How Does Change Happen?

By Natalie Cooper and Ariana Rowe

The esteemed Hutchin’s Center Honors Award Ceremony, which grants recipients with the W. E.B. Du Bois Medal, is Harvard University’s highest honor in the field of African and African-American studies. The award ceremony is hosted every year at Harvard’s historic Sanders Theater to celebrate excellence within the Black community, and this year, Winsor was invited to attend the event. Winsor students of African descent were given the experience of a lifetime and were able to watch the famous recipients, just a few yards away, receive their awards. This year’s  recipients included Chimamanda Ngozi Adichie, Laverne Cox, Agnes Gund, Raymond J. McGuire, Deval Patrick, Betye Saar, and  Kareem Abdul-Jabbar. There was a broad range of recipients, with entertainers and politicians alike earning this award to highlight the diverse ways in which people of color can make positive and meaningful contributions to the world. The audience enjoyed musical performances, readings of historical excerpts, introductions, and statements from the recipients. The audience heard calls to action and words of wisdom as the honorees reflected on their success and greater contribution to society. 

In a society plagued with many injustices and news stories that highlight only the suffering of Black people, it is vital to see Black achievement being awarded and heralded. The audience and stage shared an electric power, with a collective sense of appreciation and admiration reverberating around the theater. Furthermore, young black students were able to look up to people who had, against all odds, succeeded tremendously. Among these recipients was even one white woman, whose presence on the stage was a stark contrast to the faces of color around her. The decision to reward allyship on such a prominent stage emphasized the importance of individuals from diverse backgrounds working together for a more unified and just society. This social change requires strides not only from people of color but also from white people who can use their place of privilege to further elevate those around them to an equal and equitable level.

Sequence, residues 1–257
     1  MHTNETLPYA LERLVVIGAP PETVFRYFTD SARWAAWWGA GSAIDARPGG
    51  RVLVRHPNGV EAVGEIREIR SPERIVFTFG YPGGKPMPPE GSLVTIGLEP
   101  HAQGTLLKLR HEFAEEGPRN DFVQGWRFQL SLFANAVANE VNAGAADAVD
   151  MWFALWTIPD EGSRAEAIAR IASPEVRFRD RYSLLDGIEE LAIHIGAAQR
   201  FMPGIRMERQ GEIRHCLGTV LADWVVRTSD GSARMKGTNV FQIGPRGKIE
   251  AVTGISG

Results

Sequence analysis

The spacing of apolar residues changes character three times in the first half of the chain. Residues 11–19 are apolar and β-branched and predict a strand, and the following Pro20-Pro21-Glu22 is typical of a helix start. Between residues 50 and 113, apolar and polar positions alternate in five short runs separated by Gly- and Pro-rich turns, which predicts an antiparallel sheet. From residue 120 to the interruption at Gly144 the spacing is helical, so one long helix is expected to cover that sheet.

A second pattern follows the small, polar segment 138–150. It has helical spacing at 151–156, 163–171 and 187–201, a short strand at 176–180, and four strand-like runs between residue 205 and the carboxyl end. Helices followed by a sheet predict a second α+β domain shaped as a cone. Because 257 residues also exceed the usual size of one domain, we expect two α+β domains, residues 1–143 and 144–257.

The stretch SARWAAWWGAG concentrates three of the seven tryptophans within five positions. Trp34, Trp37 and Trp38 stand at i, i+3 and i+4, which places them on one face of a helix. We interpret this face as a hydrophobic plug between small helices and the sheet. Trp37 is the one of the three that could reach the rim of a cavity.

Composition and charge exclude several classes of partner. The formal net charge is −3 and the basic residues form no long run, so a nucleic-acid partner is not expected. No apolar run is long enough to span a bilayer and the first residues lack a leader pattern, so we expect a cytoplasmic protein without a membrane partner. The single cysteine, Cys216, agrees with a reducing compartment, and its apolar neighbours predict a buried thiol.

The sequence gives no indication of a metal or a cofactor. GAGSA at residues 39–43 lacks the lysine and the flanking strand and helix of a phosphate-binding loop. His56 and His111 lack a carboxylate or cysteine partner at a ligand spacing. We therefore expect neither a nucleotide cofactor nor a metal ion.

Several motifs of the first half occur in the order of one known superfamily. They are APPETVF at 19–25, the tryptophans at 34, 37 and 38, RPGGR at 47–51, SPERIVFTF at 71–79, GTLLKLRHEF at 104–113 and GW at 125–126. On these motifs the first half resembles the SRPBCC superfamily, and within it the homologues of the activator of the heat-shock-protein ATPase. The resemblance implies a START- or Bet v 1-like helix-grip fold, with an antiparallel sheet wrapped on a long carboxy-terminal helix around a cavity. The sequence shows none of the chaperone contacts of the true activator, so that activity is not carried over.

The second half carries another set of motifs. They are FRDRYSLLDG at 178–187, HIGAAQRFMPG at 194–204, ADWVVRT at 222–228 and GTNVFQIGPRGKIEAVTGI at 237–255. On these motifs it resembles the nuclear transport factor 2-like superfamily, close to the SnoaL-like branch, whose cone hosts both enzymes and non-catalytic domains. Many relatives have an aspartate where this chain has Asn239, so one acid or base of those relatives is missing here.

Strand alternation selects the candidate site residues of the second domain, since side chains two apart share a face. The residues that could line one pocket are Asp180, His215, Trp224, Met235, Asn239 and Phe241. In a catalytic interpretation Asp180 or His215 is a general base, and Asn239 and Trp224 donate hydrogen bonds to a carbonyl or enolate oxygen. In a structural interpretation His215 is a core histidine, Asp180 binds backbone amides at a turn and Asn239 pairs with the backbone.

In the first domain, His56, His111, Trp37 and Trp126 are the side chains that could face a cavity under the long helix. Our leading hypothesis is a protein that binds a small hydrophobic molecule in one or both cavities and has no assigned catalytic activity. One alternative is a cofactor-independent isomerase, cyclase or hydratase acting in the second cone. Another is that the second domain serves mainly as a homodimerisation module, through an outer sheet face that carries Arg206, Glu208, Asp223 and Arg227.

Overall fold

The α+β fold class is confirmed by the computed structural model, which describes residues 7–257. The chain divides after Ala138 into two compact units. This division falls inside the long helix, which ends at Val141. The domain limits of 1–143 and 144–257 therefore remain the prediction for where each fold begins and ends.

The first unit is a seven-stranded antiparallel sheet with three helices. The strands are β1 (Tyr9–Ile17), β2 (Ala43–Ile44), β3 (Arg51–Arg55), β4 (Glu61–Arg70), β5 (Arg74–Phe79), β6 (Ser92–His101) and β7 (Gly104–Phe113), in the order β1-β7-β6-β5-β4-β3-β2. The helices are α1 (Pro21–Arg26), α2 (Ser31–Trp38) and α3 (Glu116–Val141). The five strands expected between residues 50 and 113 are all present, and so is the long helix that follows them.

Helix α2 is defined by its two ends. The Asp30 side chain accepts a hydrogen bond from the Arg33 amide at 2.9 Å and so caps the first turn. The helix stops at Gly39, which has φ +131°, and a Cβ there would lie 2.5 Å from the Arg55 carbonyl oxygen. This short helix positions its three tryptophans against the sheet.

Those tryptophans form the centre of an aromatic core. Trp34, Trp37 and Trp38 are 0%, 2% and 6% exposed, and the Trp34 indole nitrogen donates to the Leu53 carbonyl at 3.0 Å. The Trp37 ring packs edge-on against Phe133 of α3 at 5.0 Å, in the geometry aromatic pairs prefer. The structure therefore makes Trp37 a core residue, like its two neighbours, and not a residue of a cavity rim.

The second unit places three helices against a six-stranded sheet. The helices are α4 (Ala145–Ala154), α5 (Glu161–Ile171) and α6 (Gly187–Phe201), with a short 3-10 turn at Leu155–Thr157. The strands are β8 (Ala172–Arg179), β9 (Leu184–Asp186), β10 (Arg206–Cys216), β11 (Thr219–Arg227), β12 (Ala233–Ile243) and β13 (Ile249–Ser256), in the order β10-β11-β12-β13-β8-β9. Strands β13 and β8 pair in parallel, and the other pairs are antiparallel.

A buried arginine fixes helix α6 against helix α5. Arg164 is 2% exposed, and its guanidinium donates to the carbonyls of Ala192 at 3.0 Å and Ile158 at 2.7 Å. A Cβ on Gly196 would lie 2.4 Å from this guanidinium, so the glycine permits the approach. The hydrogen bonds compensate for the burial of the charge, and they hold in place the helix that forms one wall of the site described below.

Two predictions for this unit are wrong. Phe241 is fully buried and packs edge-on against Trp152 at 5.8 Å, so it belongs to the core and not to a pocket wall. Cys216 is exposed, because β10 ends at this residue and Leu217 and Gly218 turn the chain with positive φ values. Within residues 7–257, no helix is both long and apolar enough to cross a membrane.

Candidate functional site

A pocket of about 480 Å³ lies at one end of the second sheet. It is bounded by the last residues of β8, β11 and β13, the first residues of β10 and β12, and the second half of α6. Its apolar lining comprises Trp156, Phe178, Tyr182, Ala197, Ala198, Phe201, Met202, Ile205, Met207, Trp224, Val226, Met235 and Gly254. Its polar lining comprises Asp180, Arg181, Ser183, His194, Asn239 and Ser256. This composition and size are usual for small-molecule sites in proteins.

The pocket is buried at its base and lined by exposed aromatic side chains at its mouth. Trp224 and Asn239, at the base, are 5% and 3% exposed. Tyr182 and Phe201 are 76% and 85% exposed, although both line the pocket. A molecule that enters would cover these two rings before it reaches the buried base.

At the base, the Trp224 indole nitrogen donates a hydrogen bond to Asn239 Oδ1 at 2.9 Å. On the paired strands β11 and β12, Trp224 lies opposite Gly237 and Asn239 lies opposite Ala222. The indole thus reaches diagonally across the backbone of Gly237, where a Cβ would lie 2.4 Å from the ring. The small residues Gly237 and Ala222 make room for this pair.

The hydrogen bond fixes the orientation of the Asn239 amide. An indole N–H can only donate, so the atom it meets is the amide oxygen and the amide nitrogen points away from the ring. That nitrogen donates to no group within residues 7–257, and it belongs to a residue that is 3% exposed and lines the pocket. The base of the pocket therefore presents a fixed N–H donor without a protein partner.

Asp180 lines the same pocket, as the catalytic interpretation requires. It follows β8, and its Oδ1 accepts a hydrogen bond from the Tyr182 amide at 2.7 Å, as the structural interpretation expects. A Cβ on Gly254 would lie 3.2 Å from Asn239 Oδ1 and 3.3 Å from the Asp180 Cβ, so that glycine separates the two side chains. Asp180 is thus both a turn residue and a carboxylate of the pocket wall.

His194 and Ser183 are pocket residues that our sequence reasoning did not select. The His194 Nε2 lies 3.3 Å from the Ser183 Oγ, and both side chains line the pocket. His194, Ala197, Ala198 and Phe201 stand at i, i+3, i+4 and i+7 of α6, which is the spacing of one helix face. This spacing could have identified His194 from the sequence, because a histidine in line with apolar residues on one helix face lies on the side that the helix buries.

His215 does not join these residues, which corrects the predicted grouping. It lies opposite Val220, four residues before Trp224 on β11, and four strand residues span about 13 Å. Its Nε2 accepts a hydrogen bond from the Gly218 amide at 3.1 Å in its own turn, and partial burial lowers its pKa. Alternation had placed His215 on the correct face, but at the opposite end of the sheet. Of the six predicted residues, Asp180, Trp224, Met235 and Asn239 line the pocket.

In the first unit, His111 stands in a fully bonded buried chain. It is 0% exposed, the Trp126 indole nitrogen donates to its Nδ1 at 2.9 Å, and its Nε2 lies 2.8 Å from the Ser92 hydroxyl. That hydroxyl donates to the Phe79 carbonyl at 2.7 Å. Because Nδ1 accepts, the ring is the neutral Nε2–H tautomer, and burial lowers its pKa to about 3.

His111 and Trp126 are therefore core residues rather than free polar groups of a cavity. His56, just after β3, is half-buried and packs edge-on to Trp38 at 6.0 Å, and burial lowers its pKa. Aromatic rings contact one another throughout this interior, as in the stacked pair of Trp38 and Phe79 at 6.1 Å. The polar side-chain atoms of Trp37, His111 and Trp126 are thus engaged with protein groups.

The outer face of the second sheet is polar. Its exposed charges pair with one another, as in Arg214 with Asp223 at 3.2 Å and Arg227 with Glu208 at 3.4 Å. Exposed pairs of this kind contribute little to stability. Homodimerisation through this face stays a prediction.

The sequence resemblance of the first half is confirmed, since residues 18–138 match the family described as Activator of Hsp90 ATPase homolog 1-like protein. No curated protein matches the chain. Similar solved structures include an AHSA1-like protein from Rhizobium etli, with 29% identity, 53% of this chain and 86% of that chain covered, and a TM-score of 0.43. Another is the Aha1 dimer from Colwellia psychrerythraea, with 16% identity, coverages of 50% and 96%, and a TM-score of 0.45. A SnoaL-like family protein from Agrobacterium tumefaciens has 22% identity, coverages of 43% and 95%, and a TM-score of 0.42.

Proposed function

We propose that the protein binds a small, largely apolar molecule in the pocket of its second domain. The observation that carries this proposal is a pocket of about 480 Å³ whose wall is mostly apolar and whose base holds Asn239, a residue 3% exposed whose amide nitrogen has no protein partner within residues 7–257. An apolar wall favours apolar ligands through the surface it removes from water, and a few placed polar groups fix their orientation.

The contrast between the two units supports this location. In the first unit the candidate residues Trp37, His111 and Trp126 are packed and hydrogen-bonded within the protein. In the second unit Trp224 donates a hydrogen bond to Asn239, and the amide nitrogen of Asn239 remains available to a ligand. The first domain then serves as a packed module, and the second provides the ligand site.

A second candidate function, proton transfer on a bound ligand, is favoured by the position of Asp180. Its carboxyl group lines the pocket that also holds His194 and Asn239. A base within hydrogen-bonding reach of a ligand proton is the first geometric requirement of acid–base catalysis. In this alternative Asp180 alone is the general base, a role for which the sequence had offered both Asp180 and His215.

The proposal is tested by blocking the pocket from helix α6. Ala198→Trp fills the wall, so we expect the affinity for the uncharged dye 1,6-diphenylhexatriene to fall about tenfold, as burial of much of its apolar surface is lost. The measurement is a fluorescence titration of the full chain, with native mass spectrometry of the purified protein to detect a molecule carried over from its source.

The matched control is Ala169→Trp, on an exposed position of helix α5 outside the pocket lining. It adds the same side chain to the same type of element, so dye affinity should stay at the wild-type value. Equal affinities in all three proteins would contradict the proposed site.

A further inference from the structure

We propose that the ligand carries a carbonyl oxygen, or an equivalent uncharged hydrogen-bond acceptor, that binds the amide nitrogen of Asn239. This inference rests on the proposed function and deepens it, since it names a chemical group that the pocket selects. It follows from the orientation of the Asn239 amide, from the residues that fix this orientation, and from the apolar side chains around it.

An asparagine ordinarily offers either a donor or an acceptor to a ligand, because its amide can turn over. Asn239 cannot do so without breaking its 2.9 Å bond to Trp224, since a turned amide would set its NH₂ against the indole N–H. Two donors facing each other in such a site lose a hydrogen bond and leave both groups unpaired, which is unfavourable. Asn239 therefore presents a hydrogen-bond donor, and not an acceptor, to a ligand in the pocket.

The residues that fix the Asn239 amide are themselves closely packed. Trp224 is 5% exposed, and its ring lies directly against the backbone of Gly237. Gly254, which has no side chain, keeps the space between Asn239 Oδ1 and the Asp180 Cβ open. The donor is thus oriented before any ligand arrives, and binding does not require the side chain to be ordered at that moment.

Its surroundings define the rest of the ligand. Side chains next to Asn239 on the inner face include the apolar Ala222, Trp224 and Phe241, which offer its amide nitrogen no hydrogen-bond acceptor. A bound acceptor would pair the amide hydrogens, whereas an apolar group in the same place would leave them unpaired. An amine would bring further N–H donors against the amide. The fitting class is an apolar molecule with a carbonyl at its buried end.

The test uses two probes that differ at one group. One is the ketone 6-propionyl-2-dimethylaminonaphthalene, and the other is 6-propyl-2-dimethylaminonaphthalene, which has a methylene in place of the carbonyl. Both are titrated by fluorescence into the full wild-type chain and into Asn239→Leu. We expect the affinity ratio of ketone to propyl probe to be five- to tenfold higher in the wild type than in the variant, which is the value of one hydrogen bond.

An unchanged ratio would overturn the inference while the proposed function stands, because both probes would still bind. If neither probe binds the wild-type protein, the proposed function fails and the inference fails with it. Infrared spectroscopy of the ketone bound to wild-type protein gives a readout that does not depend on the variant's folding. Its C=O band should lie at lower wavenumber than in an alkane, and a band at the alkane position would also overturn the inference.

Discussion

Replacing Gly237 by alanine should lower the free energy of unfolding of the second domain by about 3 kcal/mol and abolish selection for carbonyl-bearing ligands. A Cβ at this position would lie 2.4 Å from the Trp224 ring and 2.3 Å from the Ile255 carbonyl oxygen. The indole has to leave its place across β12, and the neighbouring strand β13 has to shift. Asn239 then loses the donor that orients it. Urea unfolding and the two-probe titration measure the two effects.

Because being an ally is so critical, we think that inviting white students to this incredible event could be eye-opening and beneficial for encouraging conversations about race and white privilege. While we recognize the key role of allies in making change, we also think it is necessary to allow Black and mixed race students the opportunity of going to the event first. For example, if we are only given a limited amount of tickets, we should prioritize those students who are Black and mixed race. In order to create nuanced conversation about race and acknowledge the achievements of Black people, we as a Winsor community can also do more to educate students who are not able to attend the event about Black excellence within the Winsor community and outside of it.